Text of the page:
Please wait...

Hyperion Records

CDA66805 - Cherubini: Requiem & Marche funèbre
Recording details: April 1995
All Hallows, Gospel Oak, London, United Kingdom
Release date: February 1996
Total duration: 52 minutes 59 seconds

'A really knockout performance of a dramatic Marche funèbre with some startling effects' (BBC Record Review)

'Record of the Month' (Classic FM Magazine)

'If ever a performance and a recorded sound were set fair to enthuse an audience, this is it. From the thrill of the tam-tam to the poignancy of the most expressive moments, it is all here. A memorable experience' (Organists' Review)

Requiem & Marche funèbre

Posterity has a habit of elevating the obscure and neglecting the famous. Thus it is that Cherubini, hailed by Beethoven as 'the greatest living composer', is today often forgotten; 'If I were to write a Requiem, Cherubini's would be my only model', Beethoven continued and the work was performed at his funeral in 1827. Schumann's opinion was that it was 'without equal in the world'. Berlioz considered that 'the decrescendo in the Agnus Dei surpasses everything that has ever been written of the kind'. Cherubini was anxious to reflect the spirit as well as the meaning of the text and so, to avoid any unwelcome associations with opera, he decided to dispense altogether with soloists. It is a work of remarkable intensity, full of attractive choral and orchestral writing.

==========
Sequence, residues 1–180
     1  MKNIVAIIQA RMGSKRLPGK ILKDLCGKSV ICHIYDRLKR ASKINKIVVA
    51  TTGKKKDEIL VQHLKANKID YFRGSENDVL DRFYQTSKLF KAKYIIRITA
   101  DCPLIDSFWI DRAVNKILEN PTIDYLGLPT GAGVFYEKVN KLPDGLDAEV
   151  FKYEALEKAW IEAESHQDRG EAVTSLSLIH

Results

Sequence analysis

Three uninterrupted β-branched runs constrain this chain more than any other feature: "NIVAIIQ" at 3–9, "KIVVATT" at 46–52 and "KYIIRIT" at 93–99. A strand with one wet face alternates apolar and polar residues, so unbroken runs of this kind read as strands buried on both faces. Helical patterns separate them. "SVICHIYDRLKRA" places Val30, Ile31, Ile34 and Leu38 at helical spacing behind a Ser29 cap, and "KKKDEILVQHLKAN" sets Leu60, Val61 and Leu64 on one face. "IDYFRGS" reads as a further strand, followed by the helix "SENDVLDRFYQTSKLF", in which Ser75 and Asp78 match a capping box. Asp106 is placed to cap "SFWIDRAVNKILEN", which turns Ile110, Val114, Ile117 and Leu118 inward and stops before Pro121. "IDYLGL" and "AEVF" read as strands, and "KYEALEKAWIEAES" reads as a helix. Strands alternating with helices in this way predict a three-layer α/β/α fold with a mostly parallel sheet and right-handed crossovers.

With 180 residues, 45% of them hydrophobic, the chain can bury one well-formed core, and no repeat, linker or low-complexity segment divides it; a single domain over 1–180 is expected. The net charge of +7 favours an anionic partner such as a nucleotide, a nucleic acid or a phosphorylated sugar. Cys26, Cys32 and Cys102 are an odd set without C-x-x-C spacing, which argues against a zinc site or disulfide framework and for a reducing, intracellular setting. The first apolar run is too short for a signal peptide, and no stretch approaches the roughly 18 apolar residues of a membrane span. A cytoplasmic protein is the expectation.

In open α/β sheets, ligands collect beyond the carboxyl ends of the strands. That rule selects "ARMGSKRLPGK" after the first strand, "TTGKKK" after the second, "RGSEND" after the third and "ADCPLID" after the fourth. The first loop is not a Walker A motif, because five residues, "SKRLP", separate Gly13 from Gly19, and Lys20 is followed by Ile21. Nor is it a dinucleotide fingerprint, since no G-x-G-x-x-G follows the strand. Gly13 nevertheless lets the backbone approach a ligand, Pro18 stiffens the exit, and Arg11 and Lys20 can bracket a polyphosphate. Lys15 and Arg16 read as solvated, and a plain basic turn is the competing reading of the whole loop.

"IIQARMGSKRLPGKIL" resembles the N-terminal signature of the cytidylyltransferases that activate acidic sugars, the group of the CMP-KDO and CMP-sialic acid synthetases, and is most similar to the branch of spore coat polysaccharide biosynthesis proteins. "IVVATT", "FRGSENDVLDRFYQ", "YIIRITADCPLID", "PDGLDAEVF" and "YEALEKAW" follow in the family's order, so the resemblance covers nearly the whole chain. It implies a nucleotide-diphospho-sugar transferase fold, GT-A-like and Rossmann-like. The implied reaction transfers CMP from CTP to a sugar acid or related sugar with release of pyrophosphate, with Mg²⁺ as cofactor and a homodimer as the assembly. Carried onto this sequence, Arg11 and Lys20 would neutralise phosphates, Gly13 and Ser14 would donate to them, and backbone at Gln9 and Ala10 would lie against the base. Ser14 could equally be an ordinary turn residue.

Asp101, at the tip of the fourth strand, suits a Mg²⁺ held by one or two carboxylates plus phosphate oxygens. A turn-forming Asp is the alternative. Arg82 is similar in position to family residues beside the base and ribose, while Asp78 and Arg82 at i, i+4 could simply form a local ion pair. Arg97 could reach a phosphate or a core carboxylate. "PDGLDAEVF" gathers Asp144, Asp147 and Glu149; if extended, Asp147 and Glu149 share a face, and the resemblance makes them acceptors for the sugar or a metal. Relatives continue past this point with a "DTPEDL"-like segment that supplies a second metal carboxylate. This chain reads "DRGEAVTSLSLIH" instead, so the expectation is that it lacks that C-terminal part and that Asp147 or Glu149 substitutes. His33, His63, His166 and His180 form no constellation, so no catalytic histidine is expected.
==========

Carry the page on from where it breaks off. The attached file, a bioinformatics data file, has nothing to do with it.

The orchestral Marche funèbre is no solemn ceremonial but an anguished, grief-stricken death-march: perhaps the work Beethoven had in mind when he described Cherubini as 'Europe's foremost dramatic composer'.

Introduction  EnglishFrançaisDeutsch
In general, a composer’s contemporary reputation is unlikely to remain constant in succeeding generations. Posterity has a habit of elevating the obscure and neglecting the famous, sometimes to an extreme degree. Cherubini was such a figure. No less a person than Beethoven called him ‘Europe’s foremost dramatic composer’, later going even further and hailing him as ‘the greatest living composer’. He was also much admired by Schumann, Mendelssohn, Brahms and Berlioz. An impressive set of testimonials by anyone’s standards, and yet by the end of the nineteenth century his compositions had been virtually forgotten, his dwindling reputation now resting largely on his undisputed superiority as a writer and teacher of counterpoint.